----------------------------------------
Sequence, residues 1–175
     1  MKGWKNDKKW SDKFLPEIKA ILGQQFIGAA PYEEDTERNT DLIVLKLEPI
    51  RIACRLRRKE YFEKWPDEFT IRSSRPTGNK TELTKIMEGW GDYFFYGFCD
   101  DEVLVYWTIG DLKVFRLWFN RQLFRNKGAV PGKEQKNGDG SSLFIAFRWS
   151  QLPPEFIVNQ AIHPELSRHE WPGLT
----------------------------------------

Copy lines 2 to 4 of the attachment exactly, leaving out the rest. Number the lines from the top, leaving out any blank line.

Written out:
     1  MKGWKNDKKW SDKFLPEIKA ILGQQFIGAA PYEEDTERNT DLIVLKLEPI
    51  RIACRLRRKE YFEKWPDEFT IRSSRPTGNK TELTKIMEGW GDYFFYGFCD
   101  DEVLVYWTIG DLKVFRLWFN RQLFRNKGAV PGKEQKNGDG SSLFIAFRWS